Back in January I came across a website that talked about using training cards to reinforce character or habits that parents may wish to instill in their children. The idea intrigued me and I immediately thought this would be a helpful addition to our household’s child training.
The 12 boys that live with us during the school week work off of a daily point system, so we are some what accustomed to tracking behavior throughout the day and monitoring privileges based on earnings. However, we had never done this formally with our own children. We identified some specific areas that we felt needed some attention in our kids’ lives and daily habits and thought these cards might help all of us focus on those areas and encourage each other toward growth.
This system has worked far better than I had anticipated. Much of the benefit has not come from the actual card use, but rather from the conversations that have sprouted as a result of the cards. We have talked about encouraging each other to good works, recognizing our own weaknesses, surrendering these areas to God’s control, accepting responsibility for our actions, controlling our emotions during disappointment, and many other areas of character and spiritual development. One issue that I have stressed is that we are not building habits to earn cards, but to glorify God. Obviously, the tangible card is great motivation to a young child, but I want them to remember that the card is not MY focus, and that we want the habit to grow beyond the card’s reinforcing power.
How the system works:
Each child has an envelope with cards representing their goals for the day. Ours are broken down by our routine (getting yourself ready, morning chores, midday chores, Bible time behavior, evening chores, cleaning up after breakfast, cleaning up after lunch, and putting school books away) and also character (they all have a follows instructions card and then they have one unique to themselves – no complaining, no criticizing, keeping your belongings put away). I made the routine cards tan and the character cards blue to distinguish them.
On the inside of our pantry door we have a more detailed list of what the cards represent. For example, getting yourself ready means bed made, breakfast eaten, clothes on, and hair and teeth brushed. Following instructions mean they look at me, say, ‘okay’ respectfully, do the task right away and check back with me. Throughout the day if I child does not complete a task, use a social skill or exhibit a character quality I remove that card from their envelope, with a brief explanation as to why.
The more cards they lose throughout the day, the more reduced their privileges become. We have a list of what they can or cannot do based on the cards they lost that day.
I have also started giving bonus cards when I see a child go out of their way to do a good job or to help others. If they do very well on some chores, they get another tan card to add to their total. If they exhibit great kindness to someone I add another blue card to their envelope. If they end the day with more cards than they started they get to stay up a little later than usual.
Each morning we count the cards from the previous day, record it on our calendar and start the day with a full envelope. I think she recommended doing this at the end of the day, but the morning has worked much better in our routine of things. Overall, this takes about 5 minutes each day to maintain. It took me about an hour to start it up because I had to decide what to put on the cards, print them off and figure out a system that would work in our house.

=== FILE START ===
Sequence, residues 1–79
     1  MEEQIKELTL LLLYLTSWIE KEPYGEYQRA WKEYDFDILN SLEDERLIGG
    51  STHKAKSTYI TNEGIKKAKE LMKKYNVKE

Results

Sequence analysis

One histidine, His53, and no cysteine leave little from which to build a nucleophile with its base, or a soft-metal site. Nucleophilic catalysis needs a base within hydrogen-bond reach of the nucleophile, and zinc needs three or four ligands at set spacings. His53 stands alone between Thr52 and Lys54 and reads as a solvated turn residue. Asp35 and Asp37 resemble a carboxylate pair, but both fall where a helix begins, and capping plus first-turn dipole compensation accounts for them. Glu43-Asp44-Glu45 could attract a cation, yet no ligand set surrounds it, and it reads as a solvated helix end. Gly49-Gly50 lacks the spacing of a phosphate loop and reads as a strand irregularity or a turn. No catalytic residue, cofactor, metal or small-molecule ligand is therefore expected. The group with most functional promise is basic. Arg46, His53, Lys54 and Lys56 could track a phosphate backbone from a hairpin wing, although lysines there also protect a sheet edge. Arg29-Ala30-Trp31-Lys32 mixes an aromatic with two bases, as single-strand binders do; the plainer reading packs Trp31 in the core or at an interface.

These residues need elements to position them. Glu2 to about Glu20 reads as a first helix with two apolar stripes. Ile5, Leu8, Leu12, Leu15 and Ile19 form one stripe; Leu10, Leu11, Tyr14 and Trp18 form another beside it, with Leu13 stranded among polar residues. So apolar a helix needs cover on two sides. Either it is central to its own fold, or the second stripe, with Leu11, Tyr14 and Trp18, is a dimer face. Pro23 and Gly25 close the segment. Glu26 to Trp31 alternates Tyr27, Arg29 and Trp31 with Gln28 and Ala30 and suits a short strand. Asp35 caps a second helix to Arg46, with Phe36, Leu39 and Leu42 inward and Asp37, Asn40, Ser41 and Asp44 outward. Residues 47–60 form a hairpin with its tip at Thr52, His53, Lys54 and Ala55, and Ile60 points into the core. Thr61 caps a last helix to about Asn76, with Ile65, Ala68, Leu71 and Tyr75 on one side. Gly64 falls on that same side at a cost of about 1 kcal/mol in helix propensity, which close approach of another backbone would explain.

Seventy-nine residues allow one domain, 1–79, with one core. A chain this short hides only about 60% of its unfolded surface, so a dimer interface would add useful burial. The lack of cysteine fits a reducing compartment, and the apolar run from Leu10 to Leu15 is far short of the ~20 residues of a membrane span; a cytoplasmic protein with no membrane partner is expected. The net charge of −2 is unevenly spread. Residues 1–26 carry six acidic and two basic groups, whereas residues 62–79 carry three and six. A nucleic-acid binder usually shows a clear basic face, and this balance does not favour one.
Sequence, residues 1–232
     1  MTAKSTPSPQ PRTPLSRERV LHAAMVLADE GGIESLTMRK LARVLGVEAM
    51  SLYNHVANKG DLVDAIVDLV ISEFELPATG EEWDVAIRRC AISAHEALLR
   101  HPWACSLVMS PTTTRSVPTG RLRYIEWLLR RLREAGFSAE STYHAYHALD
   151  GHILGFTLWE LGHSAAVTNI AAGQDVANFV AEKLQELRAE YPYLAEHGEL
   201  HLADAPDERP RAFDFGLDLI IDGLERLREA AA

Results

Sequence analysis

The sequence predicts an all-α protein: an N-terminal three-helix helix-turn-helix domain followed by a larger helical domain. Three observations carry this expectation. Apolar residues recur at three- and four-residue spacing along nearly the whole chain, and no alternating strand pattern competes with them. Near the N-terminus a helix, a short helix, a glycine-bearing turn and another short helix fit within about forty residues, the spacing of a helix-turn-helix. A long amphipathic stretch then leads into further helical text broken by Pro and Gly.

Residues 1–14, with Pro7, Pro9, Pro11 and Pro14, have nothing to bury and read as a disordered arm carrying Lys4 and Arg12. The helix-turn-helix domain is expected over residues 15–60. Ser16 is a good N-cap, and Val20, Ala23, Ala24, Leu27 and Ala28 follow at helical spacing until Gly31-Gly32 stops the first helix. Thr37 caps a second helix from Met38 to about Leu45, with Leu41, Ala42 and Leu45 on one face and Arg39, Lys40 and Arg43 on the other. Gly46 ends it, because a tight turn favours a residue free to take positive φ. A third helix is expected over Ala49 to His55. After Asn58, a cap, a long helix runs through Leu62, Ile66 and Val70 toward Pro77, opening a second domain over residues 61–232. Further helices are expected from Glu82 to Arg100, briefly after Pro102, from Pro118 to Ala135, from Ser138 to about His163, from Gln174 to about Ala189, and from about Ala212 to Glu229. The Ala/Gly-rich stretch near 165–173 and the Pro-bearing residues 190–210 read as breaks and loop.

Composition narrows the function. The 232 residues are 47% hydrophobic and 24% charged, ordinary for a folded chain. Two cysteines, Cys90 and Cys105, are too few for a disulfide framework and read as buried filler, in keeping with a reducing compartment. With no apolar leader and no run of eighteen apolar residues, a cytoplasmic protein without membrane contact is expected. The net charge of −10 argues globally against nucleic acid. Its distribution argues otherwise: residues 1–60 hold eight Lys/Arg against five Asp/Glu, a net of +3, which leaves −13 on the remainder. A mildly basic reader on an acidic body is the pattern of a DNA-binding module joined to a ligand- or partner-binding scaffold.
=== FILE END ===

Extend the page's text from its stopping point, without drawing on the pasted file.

We also took a few weeks to ease into this. The first week I took away cards at appropriate times and we talked about what was going on A LOT! Their card count did not effect their privileges that week. The next week the cards were tallied daily and their privileges ebbed and flowed based on their point totals for the day, but we did not establish long term goals.
Now the kids have set goals for bigger rewards than just daily privileges. One daughter wants to go out for ice cream. If she maintains a 80% average for 10 days we will do that. My son wants to go do a special activity with Dad, after he earns an 85% average for 15 days. We work together to set the goals and an appropriate ‘cost’ and the kids average their scores to see when they will earn them.
Obviously, this is not for very young children. It works very well for my eight and ten year old kids. The six year old does fairly well, although she does still need reminders to check her cards and lists, and help finding averages. I use it with my four year old more in the character department, and her chores are much simpler still. The two year old has another year or two before his envelope will be active.
This has worked well for us so far. It gives us a simple way to hold everyone accountable for their responsibilities as well as something concrete to encourage them in character development. I keep it very positive and each day brings a fresh start. Next week we plan to add another card to each envelope to continue to give them new goals. We take Sunday off from the formality of the cards, but much of the routine holds true as they grow more and more accustomed to starting their days in that way.
I had tried making my kids control journals (ala Flylady), but it just never clicked. This system has really brought more consistency and regularity to our home routines. The expectation has always been there, but this is a format that has just turned the light bulbs on for them and motivated them. It is exciting to watch.
It does take a little organizing to get it started, but I definitely think it is worth the effort.